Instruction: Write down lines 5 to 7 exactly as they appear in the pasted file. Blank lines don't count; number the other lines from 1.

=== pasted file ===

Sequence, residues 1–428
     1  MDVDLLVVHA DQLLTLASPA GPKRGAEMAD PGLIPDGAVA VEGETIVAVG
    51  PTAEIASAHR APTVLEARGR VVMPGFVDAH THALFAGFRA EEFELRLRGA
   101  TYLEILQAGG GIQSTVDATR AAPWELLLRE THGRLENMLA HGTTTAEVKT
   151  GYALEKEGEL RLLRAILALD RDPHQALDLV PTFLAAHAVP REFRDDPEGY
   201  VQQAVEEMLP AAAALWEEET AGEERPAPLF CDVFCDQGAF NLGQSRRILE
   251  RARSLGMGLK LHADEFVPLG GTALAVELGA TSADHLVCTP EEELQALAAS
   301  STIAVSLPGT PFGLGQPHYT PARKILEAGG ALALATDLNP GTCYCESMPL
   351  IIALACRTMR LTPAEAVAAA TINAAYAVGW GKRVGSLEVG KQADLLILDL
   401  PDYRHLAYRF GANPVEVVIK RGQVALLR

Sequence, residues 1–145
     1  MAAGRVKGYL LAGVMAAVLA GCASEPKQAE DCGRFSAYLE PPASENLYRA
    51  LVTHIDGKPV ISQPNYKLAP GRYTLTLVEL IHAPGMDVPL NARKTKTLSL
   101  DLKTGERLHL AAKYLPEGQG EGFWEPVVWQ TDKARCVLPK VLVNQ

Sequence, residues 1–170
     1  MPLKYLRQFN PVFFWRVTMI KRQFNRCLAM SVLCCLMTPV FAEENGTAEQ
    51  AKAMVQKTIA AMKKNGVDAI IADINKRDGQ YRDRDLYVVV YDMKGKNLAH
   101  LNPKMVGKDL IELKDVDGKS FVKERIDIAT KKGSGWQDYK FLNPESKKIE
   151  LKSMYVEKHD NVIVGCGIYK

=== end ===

   151  GYALEKEGEL RLLRAILALD RDPHQALDLV PTFLAAHAVP REFRDDPEGY
   201  VQQAVEEMLP AAAALWEEET AGEERPAPLF CDVFCDQGAF NLGQSRRILE
   251  RARSLGMGLK LHADEFVPLG GTALAVELGA TSADHLVCTP EEELQALAAS